The invention presents an arrangement for image downscaling during image opening or decoding and a second resizing, which are combined and optimized for co-operation with display specific enhancements. In this arrangement, the image is first downscaled during opening to a size that depends on the available memory. A second downscaling or zooming and panning is applied to the opened image. A set of automatic enhancements and display specific processing is applied to the second, resized image. Two-phase scaling permits the use of complex and better enhancement algorithms, without a risk of exceeding the resource limits. The invention is presented with an enhancement chain, which includes image-adaptive contrast and color-contrast enhancement, sharpening, color management, and dithering. Other algorithms may also be included. In one embodiment, two sets of algorithms are used, a first set for the fast browsing of images (the fast algorithms) and a second set of more accurate scaling for the final viewing. The term fast algorithms refers herein to algorithms that require 10-20% (generally 5-30%) of the processing time required by the better quality algorithms referred to herein.

BRIEF DESCRIPTION OF THE DRAWINGS

In the following, the invention is examined with the aid of the accompanying drawings and examples. In the drawings

FIG. 1 shows a conventional process for loading and viewing images in a mobile phone

FIG. 2 shows an example of an image-processing chain, according to the invention, for a mobile phone

FIG. 3 shows the principles of the two-phase scaling and processing of an image

FIG. 4 shows a complete image-processing chain with post-processing image enhancement

FIG. 5 shows a modification of the processing chain shown in FIG. 4.

DETAILED DESCRIPTION OF THE PREFERRED EMBODIMENTS

With reference to FIG. 1 a display imaging system according to the prior art implemented in a camera phone 12 is described. In this example images are in a storage 10. This conventional example comprises the first scaling 11 with an integer ratio, opening an intermediate image 13 and, if necessary final, low-quality scaling 15 to the target display 14. The image quality appears to be poor, mainly due to the low-quality scaling. Image enhancement is not used, as it could not help in a low-quality image. Despite of the first scaling, a memory problem may exist if available memory is not checked relative to the intermediate image. The idea of the display chain is to provide an automatic tool to enhance images. The same automatic enhancement is made to all the images to be viewed. Although the display chain is display dependent it is also image adaptive, so that it will work in all images.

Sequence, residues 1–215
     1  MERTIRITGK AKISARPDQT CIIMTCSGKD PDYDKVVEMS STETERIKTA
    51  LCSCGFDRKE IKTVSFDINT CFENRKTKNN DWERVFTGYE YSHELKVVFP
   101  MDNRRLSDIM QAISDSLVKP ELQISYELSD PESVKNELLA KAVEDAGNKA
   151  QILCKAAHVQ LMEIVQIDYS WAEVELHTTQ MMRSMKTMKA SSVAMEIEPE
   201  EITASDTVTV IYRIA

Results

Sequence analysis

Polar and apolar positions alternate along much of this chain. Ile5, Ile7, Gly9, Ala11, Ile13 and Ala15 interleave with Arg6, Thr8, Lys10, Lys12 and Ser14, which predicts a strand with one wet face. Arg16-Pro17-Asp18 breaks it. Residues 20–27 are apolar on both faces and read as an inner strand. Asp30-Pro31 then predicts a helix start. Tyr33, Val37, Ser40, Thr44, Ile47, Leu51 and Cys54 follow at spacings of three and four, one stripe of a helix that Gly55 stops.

As can be seen from FIG. 2, the implemented automatic chain replaces the zooming and viewing parts of the original image scaling chain. Similar components, such as the memory 10, the mobile phone 12, and its display 14 are referred to using the same reference numbers as above. The invention combines downscaling 31 during image opening, i.e. decoding, with a second scaling 20 algorithm and an image enhancement chain 29. An image in the memory 10 is scaled 31 and opened as a source bitmap 33 (for example, in a size of 640×480), which is then scaled 20 into a target bitmap 21 for viewing on the display 14. The first scaling 31 is used to limit the opened image size according to the available memory and generally uses a 1:2 scaling ratio. The power n is set to be as low as possible, as long as the image will fit the memory. The amount of available memory is checked before loading. The second scaling 20 is used to resize the image to the displayed image size. The second scaling algorithm supports downscaling to a display-size or smaller image and scaling to images larger than display size, from which a region is panned and cropped for viewing, as well as zooming to image sizes larger than the opened image, from which a region is panned and cropped for viewing. This will be described in detail later.